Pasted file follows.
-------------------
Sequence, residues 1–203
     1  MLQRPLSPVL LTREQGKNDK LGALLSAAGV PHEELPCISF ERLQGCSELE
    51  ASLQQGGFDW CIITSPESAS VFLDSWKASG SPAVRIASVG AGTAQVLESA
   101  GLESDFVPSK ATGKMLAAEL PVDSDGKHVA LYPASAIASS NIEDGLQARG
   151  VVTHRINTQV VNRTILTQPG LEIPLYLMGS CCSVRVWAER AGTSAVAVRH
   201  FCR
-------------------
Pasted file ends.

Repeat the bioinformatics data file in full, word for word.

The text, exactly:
Sequence, residues 1–203
     1  MLQRPLSPVL LTREQGKNDK LGALLSAAGV PHEELPCISF ERLQGCSELE
    51  ASLQQGGFDW CIITSPESAS VFLDSWKASG SPAVRIASVG AGTAQVLESA
   101  GLESDFVPSK ATGKMLAAEL PVDSDGKHVA LYPASAIASS NIEDGLQARG
   151  VVTHRINTQV VNRTILTQPG LEIPLYLMGS CCSVRVWAER AGTSAVAVRH
   201  FCR